I was 7 years old and my sister was 10 when my family immigrated to New Zealand from the USA. We arrived in Auckland on a P & O ocean liner called the SS Orcades which deposited us at the bottom of Auckland's Queen Street on a wintry, cold, August Sunday.
The first big thing my parents did was rent a car and drive all over New Zealand looking at places to settle. My sister and I spent long hours in the back of a Morris 1100 (which was, in the 1960s, a very new and popular imported motor vehicle) getting jostled about, mostly bored out of our brains, while Mum fed us honey sandwiches and warm Fanta or Coke (drinks were not often kept in fridges then - they were just on the shelf at the shop).
The combination of so much sugar and our boredom inspired my sister and I to come up with a story or a song, each day, which we then either sang or narrated to each other in our hotel room that night.
My sister was already tuned in to what made a good story.
"You need a good idea to make a great story," she said to me, "that means, you have something really horrible happen at the beginning so people want to read it, have a middle where there's plenty of action, and an end where lots of people die but some don't."
She had written up a list of genres which began with HORROR (her favourite), then went on to ANIMAL, WILD WEST, SUSPENSE, ending with LOVE. Each morning in the car we had to select a genre for our story that day. We always considered the last one too 'soppy' to write about.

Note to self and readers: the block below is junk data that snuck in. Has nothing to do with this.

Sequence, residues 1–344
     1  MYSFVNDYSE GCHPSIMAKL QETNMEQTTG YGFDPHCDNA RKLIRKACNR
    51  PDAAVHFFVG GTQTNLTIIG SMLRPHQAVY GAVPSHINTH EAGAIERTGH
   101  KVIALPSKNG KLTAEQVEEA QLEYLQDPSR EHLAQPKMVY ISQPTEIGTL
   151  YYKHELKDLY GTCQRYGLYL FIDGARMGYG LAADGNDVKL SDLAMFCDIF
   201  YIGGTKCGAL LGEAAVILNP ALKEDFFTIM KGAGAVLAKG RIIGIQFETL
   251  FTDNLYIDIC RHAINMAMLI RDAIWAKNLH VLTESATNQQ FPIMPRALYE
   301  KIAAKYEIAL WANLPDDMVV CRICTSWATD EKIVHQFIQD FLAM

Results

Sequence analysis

Her strongest idea ever was the Giant Kiwi. Driving through the tall, dark forests of the South Island and the bush of the North inspired her to spin nightly tales of the giant kiwis, 20 feet tall, who lived in the dense and remote parts of the country where no one had ever been, and if you were mad enough to go there, you would be eaten, or seriously damaged, by the giant kiwis.
Every evening as we sat in our hotel room, she would tell me the latest horror about The Giant Kiwi. Needless to say, at the age of 7, highly impressionable, in a strange, new country with more trees than I had ever seen in my young life, venturing about in a small car with parents who really didn't know where they were going, and being fed honey sandwiches, day after day, I was beside myself with delicious terror at the thought of these vicious kiwi creatures roaming about in the darkness of the woods. We had, of course, seen photos of the small, innocent, flightless birds but for me, it wasn't hard to imagine these little kiwis transforming into massive scary things with long pecking beaks and ripping claws.
My sister got a lot of mileage out of the Giant Kiwis. She made it into a series which continued, night after night, with escalating horror and suspense until Mum told her to stop it because I couldn't get to sleep and if I did, I'd wake up screaming and rouse the whole family.
That's when we turned to the less frightening, but no less compelling, Western genre.
So the lesson here is: step one to a great story is a strong, interesting idea.
Sorry. The Giant Kiwi is already taken.